ARRI has just unveiled the ZMU-4 Zoom Command, although calling it a Zoom Command is probably doing it an injustice, as it is a whole lot more.
The ZMU-4 takes the same radio modules as the Hi-5 and it can act as a wireless transmitter or receiver depending on how you want to configure it. It also allows you to turn other devices into wireless devices.
- Easy switch between wired and wireless operation
- Camera and lens motor control combined in one unit
- Exchangeable radio modules for challenging environments
- Wireless expansion for other devices
- Easily readable status display with lens data
- Robust, weather-proof, ergonomic design
Please note that the ZMU-4 I was testing was still running on pre-release firmware.
Its roots date back more than 18 years
This isn’t the first time ARRI has made something like this. If you are old enough to remember, ARRI used to have the ZMU-3 way back in 2005. This was shaped like a classic handgrip zoom controller and it had the classic zoom knob that assistants‘ thumbs all over the world were familiar with.
The ZMU-3’s zoom speed could be precisely adjusted and zoom limits could also be set. A large bar graph showed the zoom ring position, the zoom
speed, and various status messages, and a ZAP button allowed for a quick focus check. there was also a switch to change the running direction of the attached lens motor. The RUN switch was able to start film cameras, but the ZMU-3 could also start/stop some high-end video camcorders and control the zoom motor on various video lenses.
The ZMU-3 also allowed an ARRI LCS and WRS compatible zoom controller to be attached to the tripod handle. This could be done either using the ZMU-3 Pan Handle (K2.65006.0)
The ZMU-3 was ultimately discontinued because hardly anyone bought it.
Anyway, enough with the history lesson, let’s get back to the ZMU-4.
What can it do?
You can use the ZMU-4 as a completely self-contained stand-alone wireless zoom controller, or you can use it to turn other devices into wireless devices. So, for example, there is a bracket for the OCU-1 which you can attach to the ZMU-4, and then by plugging in an LBUS cable, you can turn it into a wireless device.
You can also use the ZMU-4 as a wireless receiver. What this means is that because the top of the ZMU-4 is essentially an RIA-1, it shares the same capabilities. This means you can use it for remote focus, iris, and/or zoom control and camera run/stop and tally functions.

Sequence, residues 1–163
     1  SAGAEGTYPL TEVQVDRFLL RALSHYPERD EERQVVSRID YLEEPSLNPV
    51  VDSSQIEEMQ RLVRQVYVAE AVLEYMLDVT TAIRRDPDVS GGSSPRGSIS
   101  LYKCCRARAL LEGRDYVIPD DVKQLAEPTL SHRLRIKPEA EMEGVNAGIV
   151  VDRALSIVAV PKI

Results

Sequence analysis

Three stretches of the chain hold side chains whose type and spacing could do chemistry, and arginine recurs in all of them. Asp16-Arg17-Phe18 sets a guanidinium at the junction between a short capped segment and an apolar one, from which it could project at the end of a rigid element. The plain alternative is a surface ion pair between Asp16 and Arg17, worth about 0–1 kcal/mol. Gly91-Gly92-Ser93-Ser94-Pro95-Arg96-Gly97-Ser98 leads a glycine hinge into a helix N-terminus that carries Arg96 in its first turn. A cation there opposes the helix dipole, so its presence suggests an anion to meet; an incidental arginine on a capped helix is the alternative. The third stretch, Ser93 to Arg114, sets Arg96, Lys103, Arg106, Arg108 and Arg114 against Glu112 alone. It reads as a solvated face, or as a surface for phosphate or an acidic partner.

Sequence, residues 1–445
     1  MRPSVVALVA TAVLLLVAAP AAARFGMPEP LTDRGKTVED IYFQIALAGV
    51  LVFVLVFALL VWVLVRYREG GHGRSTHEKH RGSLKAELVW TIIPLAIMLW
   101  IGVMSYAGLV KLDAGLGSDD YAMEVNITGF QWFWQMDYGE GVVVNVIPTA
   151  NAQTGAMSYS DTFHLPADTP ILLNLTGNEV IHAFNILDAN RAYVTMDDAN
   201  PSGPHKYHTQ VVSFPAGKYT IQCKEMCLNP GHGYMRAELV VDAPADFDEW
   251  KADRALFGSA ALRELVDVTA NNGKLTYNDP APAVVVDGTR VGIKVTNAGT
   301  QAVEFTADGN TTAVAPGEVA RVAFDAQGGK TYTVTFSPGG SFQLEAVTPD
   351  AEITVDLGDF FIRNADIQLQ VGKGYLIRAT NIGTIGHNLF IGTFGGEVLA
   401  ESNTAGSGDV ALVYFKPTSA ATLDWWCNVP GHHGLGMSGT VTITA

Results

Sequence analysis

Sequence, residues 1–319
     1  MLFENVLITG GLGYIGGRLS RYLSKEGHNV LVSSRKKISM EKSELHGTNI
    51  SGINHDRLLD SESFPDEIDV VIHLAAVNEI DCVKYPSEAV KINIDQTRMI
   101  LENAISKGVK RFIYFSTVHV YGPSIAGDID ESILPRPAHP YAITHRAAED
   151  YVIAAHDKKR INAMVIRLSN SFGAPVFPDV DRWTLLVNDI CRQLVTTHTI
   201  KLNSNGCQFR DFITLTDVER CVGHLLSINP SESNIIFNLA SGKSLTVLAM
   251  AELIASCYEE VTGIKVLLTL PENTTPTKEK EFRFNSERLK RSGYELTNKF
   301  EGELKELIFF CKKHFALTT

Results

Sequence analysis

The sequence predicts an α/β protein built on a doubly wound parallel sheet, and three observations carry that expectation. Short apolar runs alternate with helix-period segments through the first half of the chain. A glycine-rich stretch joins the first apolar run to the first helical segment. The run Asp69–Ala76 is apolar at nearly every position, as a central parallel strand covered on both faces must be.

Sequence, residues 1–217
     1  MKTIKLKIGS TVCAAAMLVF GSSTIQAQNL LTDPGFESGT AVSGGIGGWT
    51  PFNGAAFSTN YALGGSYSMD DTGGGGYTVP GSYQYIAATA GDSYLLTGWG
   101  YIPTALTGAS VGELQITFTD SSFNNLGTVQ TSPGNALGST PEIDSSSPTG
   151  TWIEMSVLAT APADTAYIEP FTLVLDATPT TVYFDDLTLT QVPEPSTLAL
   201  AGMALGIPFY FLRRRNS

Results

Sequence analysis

You could mount the ZMU-4 to handgrips, although it probably isn’t going to be used by most people in that configuration. This would allow you to hook up lens motors directly to the ZMU-4 and then you could still have everything talk directly to the Hi-5 as well.
Back in the day, the ZMU-3 could be attached to the WMU-3 Wireless System using the KC105-S and WZB-3.
What ARRI has done with ZMU-4 is to modernize this same approach. As I mentioned earlier, by utilizing the ZMU-4 and an OCU-1, you can create a 2-channel system. Because ARRI currently doesn’t make a WCU-1 replacement and they only have the Hi-5, this becomes a good in-between solution.
By combining the ZMU-4 and the OCU-1 and placing that combination with or on a monitor, you can create a nice 2-axis system for controlling zoom and focus, or zoom and iris. I will show you how this works in more detail later down in the review.
Just like the RIA-1, you can interchange the ARRI RF radio modules depending on your requirements.
The ARRI RF radio modules simply clip into the top of the ZMU-4.
If you are using the ZMU-4 with the ALEXA 35, because the ALEXA 35 has the same integrated radio module as the ARRI RF-EMIP Radio Module 2400 MHz DSSS everything will communicate without the need for any additional components. This also means that you don’t need a cforce mini RF Motor Unit because the ZMU-4 is talking directly to the camera and not the motor. This allows you to plug lens motors directly into the camera and then control them through the ZMU-4.
Another way you could also use it is by attaching it directly via an LBUS cable to motors. This is handy for certain applications and just adds to the overall versatility of the product.
You can also combine it with a Hi-5 so someone else could control the zoom axis (or whichever axis you assign to the ZMU-4) if that was required. Where it may also come in handy is if you needed to control a fourth axis. If you were running a zoom lens with a filter such as a polarizer or VND that was in a filter frame with pitch gears you could use the ZMU-4 to control that axis, while the Hi-5 took care of the others.
If that wasn’t all, it also features 3 user buttons that you can program to any of the same items that are assignable on your camera. This is very handy and it allows you to remotely change camera settings. I will talk more about this functionality further down in the review.
Above you can see how the ZMU-4 can be utilized with non-ARRI cameras.
Build Quality & Design
The ZMU-4 is claimed to have better weatherproofing than even the Hi-5 and it is built like a tank. As you would expect from an ARRI product it was designed to stand up to anything you can throw at it. It is made out of high-grade Aluminum and it is covered in rubber.
It features a fairly industrial design and there’s nothing overly pretty or aesthetically pleasing. Like all ARRI products, the ethos is about how well it works and operates as opposed to trying to make something look good.
There are two ARRI rosettes on either side of the ZMU-4.
On the top of the ZMU-4, there is a 7-pin CAM input and an LBUS connector.
The ZMU-4 features a fairly basic interface and display, but it is easy and simple to operate and control. While it is a little old school in the way you navigate the menus it certainly gets the job done.
You can set the sensitivity of the zoom control joystick in the menu.
There is also the ability to change the direction of the motor as well as the curve of the zoom response.
In the Zoom menu, you can also adjust the torque of the connected motor.